The two-and-one-half-hour, two-act opera was originally broadcast on PBS
stations from the stage of the Metropolitan Opera in New York City on March 2,
1981. A highlight of the telecast is Pavarotti's stunning rendition of "Una
Furtiva Lagrima," an aria he made his own in his illustrious career. Charlie
Rose introduces the In Memoriam broadcast.
"L'Elisir D'Amore," a romantic comedy, revolves around the unrequited love of poor villager Nemorino (Pavarotti's role) for wealthy farm owner Adina. Overhearing Adina read to her workers the story of how Tristan made Isolde fall in love with him through the use of a magic potion, Nemorino spends all his money on a similar potion he buys from conman Dulcamara, who is making his way through the area.
Though the audience knows the potion to be merely wine, Nemorino is certain of its powers and begins drinking it. Tipsy from the wine, he pretends not to be interested in Adina, secure in the "knowledge" that she will be his in just one day. Angry at him for ignoring her, Adina agrees to marry obnoxious army sergeant Belcore that night, before he leaves on a military campaign.
Frightened that Adina will marry before the potion kicks in, Nemorino seeks out Dulcamara to see if there is a potion that will work immediately. Dulcamara assures him that, for a price, he has a potion that will make all the girls love Nemorino. Joining the army for the enlistment bonus, Nemorino buys the potion and drinks it.
Unbeknownst to Nemorino, Adina, and Dulcamara, a report goes out that Nemorino's rich uncle has died, leaving him lots of money. Women begin flirting with Nemorino, convincing him all the more of the potion's efficacy.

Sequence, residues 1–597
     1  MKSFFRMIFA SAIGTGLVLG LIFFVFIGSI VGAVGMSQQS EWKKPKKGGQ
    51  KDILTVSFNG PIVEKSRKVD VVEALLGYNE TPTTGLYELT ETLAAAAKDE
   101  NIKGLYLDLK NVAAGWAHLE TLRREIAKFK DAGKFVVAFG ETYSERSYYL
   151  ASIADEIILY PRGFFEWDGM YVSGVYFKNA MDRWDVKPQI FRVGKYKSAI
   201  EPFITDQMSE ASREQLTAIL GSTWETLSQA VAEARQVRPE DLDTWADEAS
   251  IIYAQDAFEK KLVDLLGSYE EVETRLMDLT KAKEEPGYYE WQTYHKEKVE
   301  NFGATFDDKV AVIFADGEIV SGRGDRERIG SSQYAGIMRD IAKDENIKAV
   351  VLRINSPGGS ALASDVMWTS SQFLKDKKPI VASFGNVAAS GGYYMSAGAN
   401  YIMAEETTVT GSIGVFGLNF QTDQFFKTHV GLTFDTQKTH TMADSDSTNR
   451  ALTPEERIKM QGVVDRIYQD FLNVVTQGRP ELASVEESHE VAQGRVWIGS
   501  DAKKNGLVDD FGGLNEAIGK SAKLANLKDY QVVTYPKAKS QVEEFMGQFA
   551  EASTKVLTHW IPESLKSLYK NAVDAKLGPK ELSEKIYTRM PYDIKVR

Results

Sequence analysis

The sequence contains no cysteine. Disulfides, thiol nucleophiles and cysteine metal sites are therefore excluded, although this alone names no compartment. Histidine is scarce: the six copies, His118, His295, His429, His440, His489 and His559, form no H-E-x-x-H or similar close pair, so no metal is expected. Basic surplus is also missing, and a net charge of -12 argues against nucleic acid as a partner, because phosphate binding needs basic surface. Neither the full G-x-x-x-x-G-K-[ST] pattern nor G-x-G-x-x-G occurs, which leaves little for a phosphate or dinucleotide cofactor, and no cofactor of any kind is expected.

Adina sees the flirting and is enraged. Dulcamara tries to sell Adina a bottle of the "elixir of love," explaining how it has worked so well for Nemorino. Touched that Nemorino would join the army to win her love, Adina buys his enlistment papers back and announces her love for him. Dulcamara sells a lot more of his elixir and quickly leaves town.
Even though this opera contains no overt religious content, I am interested in it as representative of the implicitly religious nature of all culture. Paul Tillich viewed all cultural artifacts as manifestations of "ultimate concern," that which is the object of one's faith. Works of art that contain less religious form can often contain more religious essence.
What is the ultimate concern of this opera, and in what ways does it communicate trust in this ultimate concern? Is its ultimate concern the importance of romantic love, or the need for comfort that that the universe is alright the way it is, or the nature of simplicity, or the role of the trickster? I think all of these options (and many more possibilities) are ripe for analysis.
As you ponder, enjoy Pavarotti singing "Una Furtiva Lagrima" ("A Furtive Tear"), an aria from "L'Elisir D'Amore" (though not the performance recently on PBS).